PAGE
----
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Thread: Using a variac for n00bs

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    Using a variac for n00bs

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    Hello, everyone.


    I have one of those newesque Fender EVH 5150III 50W heads and I'm really digging the sound with the loadbox I'm using. Now, I also want to get a variac. Not exactly for lowering volume but because I know you can fool around with the amp tone by lowering its voltage. I think it gets a neat sound by going around 10V lower than the specified voltage from the clips I've listened to. The problem is I don't know anything about electrical engineering or theory. There's loads of variacs on ebay and the cost range is from around 40 to 500. How do I know which one to get? Are they all the same? Why the huge cost difference? How safe is it for the amp? Oh, and I live in Europe so I need a different voltage from the US.

    Any info is really appreciated, thanks.

    PS. I did read all the old variac topics but I didn't really get any definite answers on how to go about this. I NEED to know.

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    What will help your tone is running the design voltage. A variac can help with that

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    Greetings Keryi,
    Regarding the Variac, I come at it from a linear TV repair tech angle. It doubles as an ISOLATION transformer. By isolation I mean that the variac completely separates Line noise, transient hum, and other nasties from entering your equipment. Nasties like the voltage spike from your refrigerator/freezer compressor, water pumps, air conditioners, even an aquarium pump !
    The Variac also gives a smooth constant voltage for your equipment. Your tone will be electronically BEST with the proper and constant voltage.
    That said, you should know that lowering the voltage below optimal operating levels to change the tones forces ALL the circuits to strain and work harder to produce the sound it was designed for. This strain can produce neet but usually unwanted noise... This strain WILL also shorten the life of your amp due to the strain of components functioning beyond their designed capacities... How much will it shorten the life depends on the quality of the individual parts within the circuits.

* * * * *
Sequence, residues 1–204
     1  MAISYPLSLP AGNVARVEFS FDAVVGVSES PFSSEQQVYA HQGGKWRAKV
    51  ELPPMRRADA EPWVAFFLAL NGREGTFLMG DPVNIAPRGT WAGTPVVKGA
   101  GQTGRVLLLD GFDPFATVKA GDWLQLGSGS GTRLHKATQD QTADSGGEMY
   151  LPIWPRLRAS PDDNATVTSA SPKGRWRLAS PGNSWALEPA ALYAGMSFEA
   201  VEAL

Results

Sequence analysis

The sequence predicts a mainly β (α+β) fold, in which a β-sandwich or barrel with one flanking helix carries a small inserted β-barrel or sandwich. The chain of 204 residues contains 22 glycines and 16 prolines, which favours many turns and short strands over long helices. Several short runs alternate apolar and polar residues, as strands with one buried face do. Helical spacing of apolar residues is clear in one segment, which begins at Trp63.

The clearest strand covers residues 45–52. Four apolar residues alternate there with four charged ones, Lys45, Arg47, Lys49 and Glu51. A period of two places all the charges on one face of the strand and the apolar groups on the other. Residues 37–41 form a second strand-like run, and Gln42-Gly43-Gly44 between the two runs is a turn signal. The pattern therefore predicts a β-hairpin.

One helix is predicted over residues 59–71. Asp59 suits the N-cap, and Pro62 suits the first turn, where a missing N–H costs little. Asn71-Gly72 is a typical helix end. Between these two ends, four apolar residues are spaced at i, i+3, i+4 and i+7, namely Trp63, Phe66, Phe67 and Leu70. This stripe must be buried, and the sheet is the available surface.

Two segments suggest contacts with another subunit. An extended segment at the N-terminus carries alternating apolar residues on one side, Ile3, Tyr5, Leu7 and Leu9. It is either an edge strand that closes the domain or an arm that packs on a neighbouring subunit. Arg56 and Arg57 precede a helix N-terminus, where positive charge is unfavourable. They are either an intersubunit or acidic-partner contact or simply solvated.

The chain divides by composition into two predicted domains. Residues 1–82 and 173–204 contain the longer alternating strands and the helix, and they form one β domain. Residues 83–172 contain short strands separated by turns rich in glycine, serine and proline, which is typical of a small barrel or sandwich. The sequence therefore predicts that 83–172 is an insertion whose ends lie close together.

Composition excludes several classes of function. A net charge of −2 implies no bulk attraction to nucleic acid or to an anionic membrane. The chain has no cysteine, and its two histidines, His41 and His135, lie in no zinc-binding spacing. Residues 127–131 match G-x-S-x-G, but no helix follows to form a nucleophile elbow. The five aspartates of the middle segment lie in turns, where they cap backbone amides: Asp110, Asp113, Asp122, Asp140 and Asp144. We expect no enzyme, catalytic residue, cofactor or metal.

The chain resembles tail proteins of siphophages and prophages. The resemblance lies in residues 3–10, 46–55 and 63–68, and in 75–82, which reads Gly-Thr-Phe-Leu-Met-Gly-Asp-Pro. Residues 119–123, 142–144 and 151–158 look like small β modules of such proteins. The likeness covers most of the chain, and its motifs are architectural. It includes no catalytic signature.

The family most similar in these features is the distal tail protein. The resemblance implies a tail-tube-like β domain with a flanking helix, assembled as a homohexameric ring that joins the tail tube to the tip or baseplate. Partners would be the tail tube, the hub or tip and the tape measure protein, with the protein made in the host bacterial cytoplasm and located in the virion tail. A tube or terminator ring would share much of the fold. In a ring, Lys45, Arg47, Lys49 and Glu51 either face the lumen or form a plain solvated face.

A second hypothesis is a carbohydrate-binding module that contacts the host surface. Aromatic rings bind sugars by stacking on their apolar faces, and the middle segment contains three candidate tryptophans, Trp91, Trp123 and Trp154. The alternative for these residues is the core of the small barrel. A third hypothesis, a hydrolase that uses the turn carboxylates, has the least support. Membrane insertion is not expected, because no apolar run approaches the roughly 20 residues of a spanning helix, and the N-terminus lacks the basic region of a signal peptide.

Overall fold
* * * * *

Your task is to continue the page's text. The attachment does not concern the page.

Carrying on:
WARNING: !! If you go ABOVE the operating voltage of your amp you WILL fry it ! This goes double if you are using digital equipment.
    My best thought is that varying the voltage is a shortcut to disaster.

    -Analog guy in a digital world-

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    Beyond that, many don't know what the service is feeding the area for voltage. You don't, particularly, want 120v at your 110v amp, either

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    I messed with one on my Twin.. [> years.. YEARS ago-before-I knew squat /<].
    Anyway, this makes me curious now, if Mesa's Mk V Variac mode reduces voltage to the whole amp? Or maybe just in places in the circuits? I'll have to ask sometime.
    I haven't gotten into the feature ('soft and spongy' isn't where I'm at 90% of time, plus it being global' isn't applicable as a 'one ch effect.

    I do know it needs to be large enough to safely dissipate the power attached.
    Placebo stomps 96k ....... Recent projects
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    Variacs DO NOT give isolation!!! They are variable 'Auto-transformers' and there are two dangers to your amplifier.